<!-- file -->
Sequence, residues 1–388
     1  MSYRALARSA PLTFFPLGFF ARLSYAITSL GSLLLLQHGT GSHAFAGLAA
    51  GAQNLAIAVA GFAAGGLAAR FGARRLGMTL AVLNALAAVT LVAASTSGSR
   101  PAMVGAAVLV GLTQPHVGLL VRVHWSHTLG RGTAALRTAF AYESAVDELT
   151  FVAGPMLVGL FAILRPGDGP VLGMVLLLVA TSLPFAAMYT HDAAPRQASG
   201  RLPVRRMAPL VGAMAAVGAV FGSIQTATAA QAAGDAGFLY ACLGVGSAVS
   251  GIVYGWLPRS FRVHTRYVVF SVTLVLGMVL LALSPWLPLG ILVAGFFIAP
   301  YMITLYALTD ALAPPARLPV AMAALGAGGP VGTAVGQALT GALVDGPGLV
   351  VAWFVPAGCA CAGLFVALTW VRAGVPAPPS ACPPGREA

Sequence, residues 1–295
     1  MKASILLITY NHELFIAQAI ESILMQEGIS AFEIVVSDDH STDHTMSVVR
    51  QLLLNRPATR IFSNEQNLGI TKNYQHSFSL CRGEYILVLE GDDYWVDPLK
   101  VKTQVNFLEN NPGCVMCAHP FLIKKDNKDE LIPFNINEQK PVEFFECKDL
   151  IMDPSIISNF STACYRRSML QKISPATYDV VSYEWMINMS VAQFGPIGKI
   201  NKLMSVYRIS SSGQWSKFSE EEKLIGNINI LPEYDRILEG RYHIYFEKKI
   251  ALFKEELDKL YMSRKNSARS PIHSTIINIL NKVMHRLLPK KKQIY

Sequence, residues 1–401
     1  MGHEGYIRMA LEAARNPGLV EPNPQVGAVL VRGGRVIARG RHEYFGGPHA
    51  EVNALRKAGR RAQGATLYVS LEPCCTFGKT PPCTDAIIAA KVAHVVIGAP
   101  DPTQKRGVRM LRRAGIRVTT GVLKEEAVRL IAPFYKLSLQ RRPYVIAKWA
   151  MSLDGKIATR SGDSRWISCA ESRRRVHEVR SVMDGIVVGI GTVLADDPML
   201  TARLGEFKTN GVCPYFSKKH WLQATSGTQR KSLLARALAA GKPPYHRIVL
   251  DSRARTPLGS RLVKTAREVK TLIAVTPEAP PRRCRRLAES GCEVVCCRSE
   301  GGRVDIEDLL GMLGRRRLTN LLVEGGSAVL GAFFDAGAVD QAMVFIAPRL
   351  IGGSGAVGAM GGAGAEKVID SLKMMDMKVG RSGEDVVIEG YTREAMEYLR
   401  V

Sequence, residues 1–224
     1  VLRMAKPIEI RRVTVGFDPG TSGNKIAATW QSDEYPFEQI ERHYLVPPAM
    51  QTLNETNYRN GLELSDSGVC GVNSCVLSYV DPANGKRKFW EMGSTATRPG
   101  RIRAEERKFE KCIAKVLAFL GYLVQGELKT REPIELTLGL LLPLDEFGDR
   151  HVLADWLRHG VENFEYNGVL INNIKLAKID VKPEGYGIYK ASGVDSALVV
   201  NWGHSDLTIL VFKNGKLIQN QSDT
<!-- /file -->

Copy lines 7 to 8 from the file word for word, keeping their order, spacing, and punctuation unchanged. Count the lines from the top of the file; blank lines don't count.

   251  GIVYGWLPRS FRVHTRYVVF SVTLVLGMVL LALSPWLPLG ILVAGFFIAP
   301  YMITLYALTD ALAPPARLPV AMAALGAGGP VGTAVGQALT GALVDGPGLV